Less than two minutes later, Fletcher cemented his status as Public Enemy#1 in Hamilton by felling Alexander with a high stick that opened a gash under the winger’s eye.  Alexander went down the tunnel to get stitches, and Shields argued that Fletcher should be ejected for attempting deliberate injury.  Instead, he got a double minor.  Angry fans poured beer on the rookie as he sat in the penalty box; Fletcher responded by blowing kisses.

In the wake of the penalty, Hampton challenged New York D Donald Duckworth to answer for Fletcher’s high stick, but Duckworth declined the invitation.  “Typical New York,” Alexander fumed after the game.  “Big talk and cheap shots, but they won’t back it up.”

The Pistols tried furiously to score the game-winner on the ensuing power play, but their shots kept missing the net.  The penalty continued into the overtime session, when a sewed-up Alexander returned to the ice to rapturous applause.  Even with their star on the ice, though, Hamilton couldn’t get the puck over the line.  Finally, about midway through the overtime session, LW Chase Winchester scored from a severe angle to give the Night the win.

The visitors celebrated by blasting Ace Frehley’s “New York Groove” in the locker room – “loud enough for [the Pistols] to hear,” said RW Rick “The Stick” Nelson.  In his postgame press conference, Foster sarcastically thanked the Pistols for their pre-game Vandy skate.  “That gave us all the inspiration we needed,” the coach said with a grin.  “No matter what else happens this season, we’ll always remember we got our first W here in Tank Town.  Love you guys!”

Continue reading “Night, Pistols Resume Unpleasantries in OT Thriller”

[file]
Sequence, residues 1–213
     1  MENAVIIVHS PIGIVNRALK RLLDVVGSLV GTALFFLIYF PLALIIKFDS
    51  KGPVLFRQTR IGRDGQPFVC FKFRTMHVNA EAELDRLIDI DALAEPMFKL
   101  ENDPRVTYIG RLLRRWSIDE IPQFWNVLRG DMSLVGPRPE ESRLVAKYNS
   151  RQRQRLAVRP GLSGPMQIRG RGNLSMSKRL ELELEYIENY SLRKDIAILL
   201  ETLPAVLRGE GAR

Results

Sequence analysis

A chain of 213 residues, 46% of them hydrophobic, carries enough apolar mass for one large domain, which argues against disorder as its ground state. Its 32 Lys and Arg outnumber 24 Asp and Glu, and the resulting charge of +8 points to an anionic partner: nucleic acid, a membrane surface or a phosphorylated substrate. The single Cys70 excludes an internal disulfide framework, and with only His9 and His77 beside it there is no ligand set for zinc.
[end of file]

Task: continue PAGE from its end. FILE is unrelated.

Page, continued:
2019 SHL Playoff – Game 4

Eastern Division Series (Hamilton wins, 3-1)


A month and a half ago, Eddie Costello was going nowhere.  The veteran center, who is in his contract year, was biding his time playing meaningless games with a Washington Galaxy team that was mired in the depths of the division.  Though Costello had numerous friends on the team, he longed for the excitement of a playoff race.

Then the Hamilton Pistols came along and acquired Costello at the trade deadline.  The Pistols were firmly fixed on winning the Vandy, and they felt that the center would provide the secondary scoring they needed.  He didn’t come cheaply – he cost the Pistols two top prospects and a first-round pick – but they felt his speed, scoring touch, and postseason experience would be just what the young club needed.

Today, Costello repaid the investment that Hamilton made in him, scoring an overtime goal that propelled the Pistols to their first-ever SHL Finals appearance with a 2-1 win over the Hershey Bliss.

“The playoff excitement, this is what you live for as a player,” Costello said in the middle of a boisterous Hamilton locker room, as teammates pounded his back and poured beer on his head.  “I didn’t think I was going to be here this year, but these guys took the plunge, and thank God they did!”